The deaths of Jake and Griffin Prince in a June 18, 2012, boating accident created enough sense of urgency to spur statewide legislative changes to Georgia criminal code.
The bullets didn't just take down a popular president. They also struck the American public at its core, stirring up deep emotions, such as sorrow and fear. And for many Americans, they also shattered what they had perceived as an innocent, almost idyllic, age. Nov. 22, 1963, the day of President John F. Kennedy's assassination in Dallas, was simply a day never to forget. Fifty years after the fact, it still resonates with area residents. ...
Hall's Simpson joins NBG's board of directors
Santa Claws warmly greeted "Little Red" by name Saturday morning when owner Carolee Gailey brought the jauntily-dressed, ruddy dachshund into the makeshift photo studio at the Humane Society of Northeast Georgia.
For military personnel defending the nation here and abroad, being away from family and friends during the holiday season can be a difficult burden.
A number of recent residential fires have increased safety awareness.
As the state looks at how to better grade school systems, local school leaders want to see more emphasis on student progress.
New Holland United Methodist Church in Gainesville, which opened at the turn of the 20th century, will hold its final worship service Sunday.
A man charged after Hall County deputies said he assaulted them in a Sept. 26 incident was misidentified as his twin brother by the Sheriff's Office.
The Lake Lanier Olympic Center may soon get an infusion of tax dollars to restore it to its former glory.
Poet Jonida Beqo, also known as Gypsee Yo, performs Friday for Da Vinci Academy and World Language Academy eighth-grade students. Her performance primarily focused on the human experience and bullying. The award-winning slam poet, based in Atlanta, also conducted some writing exercises with students, who are finishing up a unit in poetry. Slam poetry is performed in front of an audience, often during a competition between poets, with emphasis put on not just ...
A young boy burned in a residential fire this past weekend is now back with his family. Jeremiah Williams, 7, was sleeping in a front room of his home on Banks Street in the early morning hours of Nov. 9 when fire spread through the house. Six adults and two other children were able to escape. However, Cpl. Drew Reed and Officer Steven Folker with the Gainesville Police Department had to remove a window unit ...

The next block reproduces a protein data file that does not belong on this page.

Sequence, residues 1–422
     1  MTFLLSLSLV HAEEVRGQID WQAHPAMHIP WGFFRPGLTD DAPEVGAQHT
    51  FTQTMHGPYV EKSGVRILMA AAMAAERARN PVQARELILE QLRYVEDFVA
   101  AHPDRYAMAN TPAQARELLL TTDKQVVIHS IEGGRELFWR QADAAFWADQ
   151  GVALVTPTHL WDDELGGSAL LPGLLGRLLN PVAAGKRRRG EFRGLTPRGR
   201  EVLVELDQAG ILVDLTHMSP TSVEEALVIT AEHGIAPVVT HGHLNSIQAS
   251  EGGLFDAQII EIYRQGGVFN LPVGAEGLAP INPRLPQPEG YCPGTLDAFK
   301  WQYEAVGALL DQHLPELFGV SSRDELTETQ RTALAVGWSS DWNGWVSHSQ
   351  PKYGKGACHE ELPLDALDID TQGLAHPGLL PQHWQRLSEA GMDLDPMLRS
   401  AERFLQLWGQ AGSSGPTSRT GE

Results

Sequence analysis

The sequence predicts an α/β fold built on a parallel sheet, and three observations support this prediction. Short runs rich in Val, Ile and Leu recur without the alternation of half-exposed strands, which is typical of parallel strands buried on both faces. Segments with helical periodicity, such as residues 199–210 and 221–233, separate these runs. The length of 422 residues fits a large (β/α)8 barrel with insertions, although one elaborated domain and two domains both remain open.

Scam artists are coming out to play in the colder weather, with Jackson Electric Membership Corp. reporting an increase in scam attempts in its 10-county service area.
Philip Wilheit of Gainesville was elected Wednesday to a one-year term as chairman of the Georgia Board of Regents.
Baseball player Zach Warwick tries to be an athlete in all aspects of his life. But earlier this year, he realized he was failing nutritionally.
The Oakwood Police Department will soon be sharing quarters with the City Hall and municipal court, City Manager Stan Brown said.
U.S. Senate and House of Representatives conferees have started work on the final version of a water authorization bill that states governors, not Congress, should negotiate interstate water disputes.
Area residents could get a taste of winter weather this holiday week.
The second annual Georgia Gives Day wrapped up its online fundraiser with significantly more money raised across the state, but numbers taking a slight dip in Hall County.
When veterans return home, the transition into civilian life can be difficult for some. Yet there are organizations to help them make it as smooth as possible.
The U.S. Senate is expected to begin debate this week on a defense spending bill that may, among other things, transfer control of Camp Frank D. Merrill in Dahlonega from the U.S. Department of Agriculture to the Department of Defense.
Under the Bridge Ministries continued its Thanksgiving season tradition of distributing boxed meals on Saturday in its most successful year yet, ministry founder Jason Ladd said.
As surveillance and monitoring technology increases, groups like the American Civil Liberties Union advocate safeguards and limits to ensure government uses data in ethical and legal ways.
Tree company workers started work Saturday morning cutting down the old oak tree that has stood in front of Fair Street Elementary School for many years.
After Leslie McRoberts worked in hospitality for three years, she had earned 75 cents more an hour than when she started. Now, she's at Brenau University working on a master's degree in hopes of earning more in the future.
Here are some tips to help you deal with the summer heat wave.
Braving winter weather